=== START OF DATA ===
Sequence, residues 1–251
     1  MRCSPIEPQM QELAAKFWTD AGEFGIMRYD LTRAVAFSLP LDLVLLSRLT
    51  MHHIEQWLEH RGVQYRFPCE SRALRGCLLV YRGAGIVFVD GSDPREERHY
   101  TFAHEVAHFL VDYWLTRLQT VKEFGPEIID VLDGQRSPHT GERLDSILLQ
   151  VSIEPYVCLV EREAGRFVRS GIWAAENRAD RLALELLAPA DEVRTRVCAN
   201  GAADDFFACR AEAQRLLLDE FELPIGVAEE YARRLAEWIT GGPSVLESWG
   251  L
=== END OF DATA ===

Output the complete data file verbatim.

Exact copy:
Sequence, residues 1–251
     1  MRCSPIEPQM QELAAKFWTD AGEFGIMRYD LTRAVAFSLP LDLVLLSRLT
    51  MHHIEQWLEH RGVQYRFPCE SRALRGCLLV YRGAGIVFVD GSDPREERHY
   101  TFAHEVAHFL VDYWLTRLQT VKEFGPEIID VLDGQRSPHT GERLDSILLQ
   151  VSIEPYVCLV EREAGRFVRS GIWAAENRAD RLALELLAPA DEVRTRVCAN
   201  GAADDFFACR AEAQRLLLDE FELPIGVAEE YARRLAEWIT GGPSVLESWG
   251  L